“There was just so much noise in my head, so many voices and all this chaos. It just felt like there were thirteen voices constantly screaming in my head every second I was awake, and even while I was asleep my dreams were nightmares.” He pauses, before continuing. “I actually thought at one point I was going crazy, and when you see crazy people on the street yelling at nobody, I thought I was headed towards that. I was worried for myself. I just realised that it was my own insecurities, my doubt and feeling emotion and fear for the first time in your life, and not knowing what all that stuff meant. All these questions, everything was just swirling around in my head, it felt like there were thirteen voices screaming all the time. That became my working title and it just carried through.”
One such tale from ’13 Voices’, and a particular pivotal moment for Deryck, is first single ‘War’. “That was probably the most important song for me, because it was right at a time where I was at tipping point in my recovery, and I could’ve easily just fallen off and gone back,” he recalls. “The progress seemed like it was non-existent. I was just not getting any better, I couldn’t walk, it was a year into recovery, doctors didn’t even know if I was going to be able to be normal again. It was a wait-and-see type situation, and I almost gave up. Instead of giving up I wrote these lyrics for the song, about fighting and knowing what you want and pushing harder and blah blah blah, all that positive stuff. Once I had the song, I was like I have to live up to this, it’s a song. It would be kind of stupid if I have all these lyrics and I’m just going to backwards, I’m going to have to live up to my own word. So, it kept me pushing forward.”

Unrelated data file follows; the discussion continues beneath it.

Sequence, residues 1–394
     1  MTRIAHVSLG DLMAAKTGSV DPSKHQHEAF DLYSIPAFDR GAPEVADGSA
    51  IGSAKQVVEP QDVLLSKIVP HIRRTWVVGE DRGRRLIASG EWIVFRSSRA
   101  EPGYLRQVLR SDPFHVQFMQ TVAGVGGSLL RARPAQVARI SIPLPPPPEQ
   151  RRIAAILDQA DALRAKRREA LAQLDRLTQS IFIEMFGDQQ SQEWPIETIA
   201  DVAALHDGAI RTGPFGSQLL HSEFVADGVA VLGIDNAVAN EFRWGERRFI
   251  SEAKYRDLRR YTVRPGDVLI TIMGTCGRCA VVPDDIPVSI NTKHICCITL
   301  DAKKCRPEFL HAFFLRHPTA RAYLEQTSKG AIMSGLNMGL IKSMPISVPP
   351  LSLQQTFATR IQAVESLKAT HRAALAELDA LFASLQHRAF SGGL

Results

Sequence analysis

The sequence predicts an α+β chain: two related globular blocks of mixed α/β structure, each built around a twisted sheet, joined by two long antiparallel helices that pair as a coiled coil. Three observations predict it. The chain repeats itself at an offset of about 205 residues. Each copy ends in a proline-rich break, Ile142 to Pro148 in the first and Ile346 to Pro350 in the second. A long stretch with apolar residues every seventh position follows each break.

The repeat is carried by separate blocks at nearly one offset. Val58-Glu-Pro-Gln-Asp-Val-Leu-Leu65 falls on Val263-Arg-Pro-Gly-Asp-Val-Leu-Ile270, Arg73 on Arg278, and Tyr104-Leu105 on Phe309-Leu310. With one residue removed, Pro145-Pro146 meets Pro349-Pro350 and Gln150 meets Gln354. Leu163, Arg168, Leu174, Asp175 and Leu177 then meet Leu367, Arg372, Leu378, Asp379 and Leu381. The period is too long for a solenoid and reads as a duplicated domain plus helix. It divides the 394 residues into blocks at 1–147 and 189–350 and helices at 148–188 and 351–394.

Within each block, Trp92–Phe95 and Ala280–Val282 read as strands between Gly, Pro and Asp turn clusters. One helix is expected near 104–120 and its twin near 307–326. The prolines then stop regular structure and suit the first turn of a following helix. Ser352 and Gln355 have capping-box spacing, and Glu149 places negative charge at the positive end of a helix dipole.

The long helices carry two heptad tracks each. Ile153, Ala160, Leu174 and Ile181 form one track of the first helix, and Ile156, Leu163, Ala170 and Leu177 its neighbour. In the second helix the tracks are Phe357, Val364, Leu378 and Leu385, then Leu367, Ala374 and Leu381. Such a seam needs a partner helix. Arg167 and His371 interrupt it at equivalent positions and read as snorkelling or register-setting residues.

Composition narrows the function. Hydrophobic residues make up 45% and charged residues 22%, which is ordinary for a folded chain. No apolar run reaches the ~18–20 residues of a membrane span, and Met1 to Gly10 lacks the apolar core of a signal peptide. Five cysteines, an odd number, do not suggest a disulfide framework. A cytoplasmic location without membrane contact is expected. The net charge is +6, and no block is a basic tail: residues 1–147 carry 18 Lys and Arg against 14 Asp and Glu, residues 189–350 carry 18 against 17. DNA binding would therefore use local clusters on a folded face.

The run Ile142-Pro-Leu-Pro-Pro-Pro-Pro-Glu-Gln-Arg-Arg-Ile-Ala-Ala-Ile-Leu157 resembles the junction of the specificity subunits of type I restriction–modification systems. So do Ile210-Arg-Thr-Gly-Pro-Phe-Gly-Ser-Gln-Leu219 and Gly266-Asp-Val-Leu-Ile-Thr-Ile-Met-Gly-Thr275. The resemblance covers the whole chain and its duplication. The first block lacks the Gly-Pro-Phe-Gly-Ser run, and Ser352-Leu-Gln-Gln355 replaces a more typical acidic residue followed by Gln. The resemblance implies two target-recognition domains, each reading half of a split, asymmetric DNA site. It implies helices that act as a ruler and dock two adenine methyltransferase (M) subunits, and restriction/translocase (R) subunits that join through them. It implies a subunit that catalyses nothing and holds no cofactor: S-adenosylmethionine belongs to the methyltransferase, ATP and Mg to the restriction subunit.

The album’s been complete for a while, providing a much needed break in which Deryck was able to come to terms with what he had created. “I just listened to it the other day,” he says, “for the first time almost this whole year actually. [Before] when I did have to listen I’d be objective, take myself out of it and just look at it, because I’m also the producer – I had to take my writer side out and try to look at it from a listener’s perspective. I had some time away from it, and it got to the mixing stage, where I was working on it every day, just working on it, working on it – and finally mixed it. Then we went out on tour immediately and we’ve been on the road this whole time, and I haven’t had a chance to listen to it – I didn’t even know if I really liked it. I was like, ‘I hope it’s good’. But all I know is it’s the best it’s going to be, so I handed it in and now I listen to it and it’s not as bad as I thought it was. I was actually way more happy with it the other day than I was when I first finished it.”
With the future here for Sum 41, his demons have been vanquished – which is something Deryck won’t soon be forgetting. “The whole recovery took about two years and it’s still so fresh that I’m sort of reminded of it all the time. The whole experience was so bad and so rough that I hope it stays with me, because I never want to go back there.” They’ve also found a new, healthier foothold in the presence of Hopeless Records, and Deryck isn’t one to ignore the success that’s been granted to them. “I feel pretty confident,” he laughs. “I just write music, and kind of hope for the best – all I know is everything seems to work out. I don’t ask too many questions I just try to enjoy the ride.” [icon type=”fa-stop” size=”icon-smallsize” ]
You might also like
More from Features
As The Flatliners bring their new album to the UK for a tour with The Menzingers, frontman Chris Cresswell explains its inception.